Any participants identified as having cataract or other eye diseases were referred to KEC or county hospitals for treatment. The selected villages were sensitised about the study in advance. The head of each village was informed by a formal government document and a phone call from the study ophthalmologist. The village leader informed their community about the study purpose and asked eligible people to wait for the examination team at home. This aimed to maximise study response rates.
Of 5000 people enumerated, 4764 completed the examinations (95.3% response rate). The characteristics of study participants in terms of age, sex, ethnicity, region, distance to hospital and altitude are presented in table 1.
Prevalence of VI and BL due to cataract
The prevalence of bilateral cataract BL (BCVA <3/60 in better eye) was 0.61% (95% CI 0.42 to 0.87), SVI was 0.86% (95% CI 0.63 to 1.17), MVI was 2.4% (95% CI 2.0 to 2.9) and EVI was 5.21% (95% CI 4.61 to 5.87) (table 2). The age-adjusted prevalence of BL was 0.46%, SVI was 0.67%, MVI was 1.85% and EVI was 4.11% (table 2) using census data supplied by the local bureau of police for the year of 2010 with projection to 2017.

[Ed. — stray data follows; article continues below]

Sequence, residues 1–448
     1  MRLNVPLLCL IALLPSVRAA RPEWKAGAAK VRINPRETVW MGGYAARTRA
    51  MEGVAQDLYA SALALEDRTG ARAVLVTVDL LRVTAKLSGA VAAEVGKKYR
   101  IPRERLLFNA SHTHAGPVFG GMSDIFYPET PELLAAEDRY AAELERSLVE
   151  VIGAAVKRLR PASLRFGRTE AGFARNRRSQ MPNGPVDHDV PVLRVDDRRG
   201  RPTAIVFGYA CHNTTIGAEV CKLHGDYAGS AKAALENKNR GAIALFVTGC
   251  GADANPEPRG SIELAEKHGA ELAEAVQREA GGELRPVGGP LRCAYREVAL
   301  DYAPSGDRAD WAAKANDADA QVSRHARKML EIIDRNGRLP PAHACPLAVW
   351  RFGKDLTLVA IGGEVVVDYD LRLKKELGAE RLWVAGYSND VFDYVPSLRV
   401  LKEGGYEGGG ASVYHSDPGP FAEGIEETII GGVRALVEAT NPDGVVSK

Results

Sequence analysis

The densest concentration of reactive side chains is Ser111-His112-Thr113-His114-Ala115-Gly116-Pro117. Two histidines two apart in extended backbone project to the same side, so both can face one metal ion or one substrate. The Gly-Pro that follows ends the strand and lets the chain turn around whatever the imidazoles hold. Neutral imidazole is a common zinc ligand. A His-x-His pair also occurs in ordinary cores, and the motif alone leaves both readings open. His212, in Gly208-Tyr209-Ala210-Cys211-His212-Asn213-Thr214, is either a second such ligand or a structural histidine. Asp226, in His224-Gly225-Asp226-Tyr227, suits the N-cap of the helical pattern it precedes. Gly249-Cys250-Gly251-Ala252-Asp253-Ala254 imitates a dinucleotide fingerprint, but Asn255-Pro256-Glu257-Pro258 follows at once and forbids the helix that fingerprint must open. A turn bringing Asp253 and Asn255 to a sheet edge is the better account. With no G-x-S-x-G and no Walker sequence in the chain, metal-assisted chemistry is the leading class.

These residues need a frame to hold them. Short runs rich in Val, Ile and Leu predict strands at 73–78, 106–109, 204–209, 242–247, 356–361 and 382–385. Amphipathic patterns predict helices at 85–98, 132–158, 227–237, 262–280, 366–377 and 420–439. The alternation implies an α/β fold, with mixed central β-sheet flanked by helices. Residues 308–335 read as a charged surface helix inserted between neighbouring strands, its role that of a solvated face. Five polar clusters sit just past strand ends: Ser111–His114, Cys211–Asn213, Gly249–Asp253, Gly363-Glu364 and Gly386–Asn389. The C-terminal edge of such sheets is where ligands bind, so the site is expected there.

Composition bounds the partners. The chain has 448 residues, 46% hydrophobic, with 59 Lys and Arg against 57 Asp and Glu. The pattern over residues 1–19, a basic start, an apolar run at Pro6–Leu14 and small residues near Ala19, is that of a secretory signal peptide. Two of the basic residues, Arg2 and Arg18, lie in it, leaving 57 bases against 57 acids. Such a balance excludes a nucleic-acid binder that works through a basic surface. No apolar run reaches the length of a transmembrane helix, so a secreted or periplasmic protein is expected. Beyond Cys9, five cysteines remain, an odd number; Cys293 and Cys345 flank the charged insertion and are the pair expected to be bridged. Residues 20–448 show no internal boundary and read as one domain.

Considering the prevalence of cataract in either eye, the rate of BL was 3.63% (95% CI 3.12 to 4.20), SVI was 4.58% (95% CI 4.00 to 5.21), MVI was 7.45% (95% CI 6.72 to 8.23) and EVI was 11.8% (95% CI 10.9 to 12.8); see table 3. If eyes were counted independently, the prevalence of BL was 2.12% (95% CI 1.85 to 2.43), SVI was 2.72% (95%CI 2.41 to 3.06), MVI was 4.92% (95% CI 4.51 to 5.38) and EVI was 8.52% (95% CI 7.98 to 9.10).
Extrapolating these figures to the population of TAPK, the number of people with cataract BL (either eye) was 6680 (95% CI 5741 to 7729), 8428 (95% CI 7361 to 9587) with SVI, 13 709 (95% CI 12 366 to 15 144) with MVI and 21 714 (95% CI 20 058 to 23 554) with EVI. The extrapolated number of eyes with BL was 7802 (95% CI 6809 to 8943), SVI was 10 010 (95% CI 8870 to 11 262), MVI was 18 107 (95% CI 16 598 to 19 800) and EVI was 31 356 (95% CI 29 369 to 33 491).